Hoos for Art: Lisi Stoessel
From my experience as a freelance artist, I have learned that getting work is not just about being skilled at what you do. It’s also about being a kind, respectful, responsible person to work with.
You are in the midst of a career that defies labels…creating in the worlds of theatre, design, puppetry and more. Tell us how you have been able to forge this path…
I have always been inclined to pay attention to what interests me, and to follow those impulses and see where they lead, even if it is into entirely new territory. Given that I am a pretty curious person, this has led me to constantly evolve as an artist, and I generally haven’t operated exclusively in one discipline for too long. I find that I feel most balanced when I am weaving all my past experiences and skills into a project. These days I tend to be much more of a deviser/creator, generating my own work in collaboration with other artists. Getting here has meant a lot of self-motivated study; since receiving my MFA in Scene Design at UVA in 2008, I have enrolled in puppetry and physical theatre courses from independent teachers, and taken many workshops abroad. Along the way I have tried to surround myself with like-minded people and seek out communities and companies doing work that I am interested in. I have had great support from friends, family, and particularly my husband Jack as I have taken my time to figure out what makes me tick professionally. In the past few years, I have found a great community here in Baltimore, and recently became an Artistic Associate of Submersive Productions, a company that fully embraces my ideas and with whom I can work in an experimental, highly collaborative way.
What about your UVA experience and your UVA Arts experience prepared you for what you are doing now?
I started out at UVA as an undergraduate transfer student in the McIntire Department of Art. The teachers there were great, and helped me come into my own as a painter. The skills I learned there were an important foundation for my subsequent set design career, especially in regard to the conceptual side of making and developing a vocabulary for talking about my work. In the Department of Drama, one of the most valuable parts of my experience was the practical application of studio classes. Because my set design class was small, I was often able to design full productions, giving me the experience of making my concepts manifest, and preparing me for the wider theatre world. I was also able to work with professional directors, as well as acting and directing students on their personal shows, teaching me about collaboration, which to me is the most vital part of theatre-making.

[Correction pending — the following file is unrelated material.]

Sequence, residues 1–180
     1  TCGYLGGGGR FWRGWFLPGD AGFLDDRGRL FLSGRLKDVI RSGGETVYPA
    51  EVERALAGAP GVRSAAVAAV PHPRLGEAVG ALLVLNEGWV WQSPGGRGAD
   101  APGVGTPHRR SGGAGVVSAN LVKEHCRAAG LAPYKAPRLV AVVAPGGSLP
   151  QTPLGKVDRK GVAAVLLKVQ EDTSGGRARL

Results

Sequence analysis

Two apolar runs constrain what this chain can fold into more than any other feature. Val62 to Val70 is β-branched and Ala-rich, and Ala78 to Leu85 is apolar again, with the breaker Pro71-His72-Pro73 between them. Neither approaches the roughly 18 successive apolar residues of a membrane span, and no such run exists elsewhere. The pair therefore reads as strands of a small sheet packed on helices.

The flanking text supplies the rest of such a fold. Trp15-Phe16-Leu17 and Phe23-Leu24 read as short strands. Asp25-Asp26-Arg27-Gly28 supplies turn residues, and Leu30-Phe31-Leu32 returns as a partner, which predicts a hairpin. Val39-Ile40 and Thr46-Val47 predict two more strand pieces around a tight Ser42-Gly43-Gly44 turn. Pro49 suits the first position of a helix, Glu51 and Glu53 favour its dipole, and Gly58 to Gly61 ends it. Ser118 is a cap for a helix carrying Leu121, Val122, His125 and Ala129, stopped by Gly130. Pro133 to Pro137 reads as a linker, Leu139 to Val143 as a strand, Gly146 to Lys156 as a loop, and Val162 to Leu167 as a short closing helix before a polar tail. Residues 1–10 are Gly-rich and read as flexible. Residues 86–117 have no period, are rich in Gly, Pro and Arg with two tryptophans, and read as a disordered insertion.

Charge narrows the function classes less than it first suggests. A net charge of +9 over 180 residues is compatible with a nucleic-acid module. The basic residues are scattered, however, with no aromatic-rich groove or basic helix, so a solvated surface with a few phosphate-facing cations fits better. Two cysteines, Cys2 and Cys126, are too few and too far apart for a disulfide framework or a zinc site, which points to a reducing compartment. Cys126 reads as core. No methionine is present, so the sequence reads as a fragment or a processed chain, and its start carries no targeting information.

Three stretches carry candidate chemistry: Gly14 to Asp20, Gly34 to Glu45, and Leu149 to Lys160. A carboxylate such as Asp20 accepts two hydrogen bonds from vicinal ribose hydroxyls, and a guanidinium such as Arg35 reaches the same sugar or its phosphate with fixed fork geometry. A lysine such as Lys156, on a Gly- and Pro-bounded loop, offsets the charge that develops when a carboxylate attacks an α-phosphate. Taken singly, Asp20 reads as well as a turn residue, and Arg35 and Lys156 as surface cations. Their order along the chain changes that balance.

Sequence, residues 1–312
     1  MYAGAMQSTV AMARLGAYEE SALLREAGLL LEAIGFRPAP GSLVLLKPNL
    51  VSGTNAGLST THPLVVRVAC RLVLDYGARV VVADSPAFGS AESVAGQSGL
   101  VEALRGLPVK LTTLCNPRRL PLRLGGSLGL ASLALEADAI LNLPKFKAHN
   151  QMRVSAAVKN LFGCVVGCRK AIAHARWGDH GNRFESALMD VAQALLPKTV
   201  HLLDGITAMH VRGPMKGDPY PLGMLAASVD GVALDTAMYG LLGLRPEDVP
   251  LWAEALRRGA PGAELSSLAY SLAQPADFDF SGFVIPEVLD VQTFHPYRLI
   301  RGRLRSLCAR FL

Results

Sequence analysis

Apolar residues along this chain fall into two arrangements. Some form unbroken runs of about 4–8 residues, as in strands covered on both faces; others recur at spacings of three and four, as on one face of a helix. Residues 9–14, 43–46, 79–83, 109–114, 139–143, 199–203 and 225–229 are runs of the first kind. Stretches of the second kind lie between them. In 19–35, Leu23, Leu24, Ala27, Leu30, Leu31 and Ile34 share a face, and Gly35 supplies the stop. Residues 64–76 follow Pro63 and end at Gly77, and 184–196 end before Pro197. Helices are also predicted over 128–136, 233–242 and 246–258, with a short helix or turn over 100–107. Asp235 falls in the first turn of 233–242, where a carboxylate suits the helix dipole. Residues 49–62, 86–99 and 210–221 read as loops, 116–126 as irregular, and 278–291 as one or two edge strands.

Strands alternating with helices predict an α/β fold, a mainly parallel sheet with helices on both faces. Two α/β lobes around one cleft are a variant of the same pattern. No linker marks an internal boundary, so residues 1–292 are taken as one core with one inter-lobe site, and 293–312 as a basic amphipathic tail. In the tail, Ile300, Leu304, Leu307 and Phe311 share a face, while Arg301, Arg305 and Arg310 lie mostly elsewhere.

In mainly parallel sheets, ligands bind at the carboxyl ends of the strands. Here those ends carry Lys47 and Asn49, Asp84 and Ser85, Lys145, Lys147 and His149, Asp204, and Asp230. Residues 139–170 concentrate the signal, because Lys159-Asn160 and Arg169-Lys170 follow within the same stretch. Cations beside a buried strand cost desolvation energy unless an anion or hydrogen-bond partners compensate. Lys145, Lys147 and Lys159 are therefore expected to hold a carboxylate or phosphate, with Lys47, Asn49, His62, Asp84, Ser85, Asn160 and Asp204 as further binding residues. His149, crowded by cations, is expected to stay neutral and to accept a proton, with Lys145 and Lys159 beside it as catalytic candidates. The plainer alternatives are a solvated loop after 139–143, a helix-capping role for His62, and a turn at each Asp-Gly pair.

Were there any particular people or classes at UVA that inspired you or prepared you for what you are now doing?
My primary teacher Tom Bloom was supportive in so many ways. Not only did he provide an excellent role model as a designer, but he was especially encouraging of my own personal interest in site-specific design and performance. For example, he facilitated a job for me with Pig Iron Theatre Company in the summer before my 3rd year, allowing me to make connections in the Philly theatre scene that are still productive today. R. Lee Kennedy’s website class was invaluable in starting a career as a theatre professional. I also particularly enjoyed the classes we were encouraged to take in other departments, such as Sanda Iliescu’s Conceptual Art class in the Architecture School.
Is there any advice you would give a current UVA student looking to have a career in the arts?
From my experience as a freelance artist, I have learned that getting work is not just about being skilled at what you do. It’s also about being a kind, respectful, responsible person to work with. The art and theatre world run on human currency. If working with you is a great experience, people will tell their colleagues, and more opportunities will open up. I would also emphasize that people get to know you as an artist for the kind of work you put out into the world, so do what you are interested in and more of the same will come. Becoming a professional artist can be challenging, because artists in our country don’t necessarily make a lot of money, especially when you are just starting out. That said, I wouldn’t recommend taking on a lot of projects just for the money- that can create exhaustion. If you love the art, do what you can to give yourself time and space to make it, even if that means taking on a non-art job to support your art making. And most of all, surround yourself with good people!
Lisi Stoessel (College BA ‘06, MFA ‘08)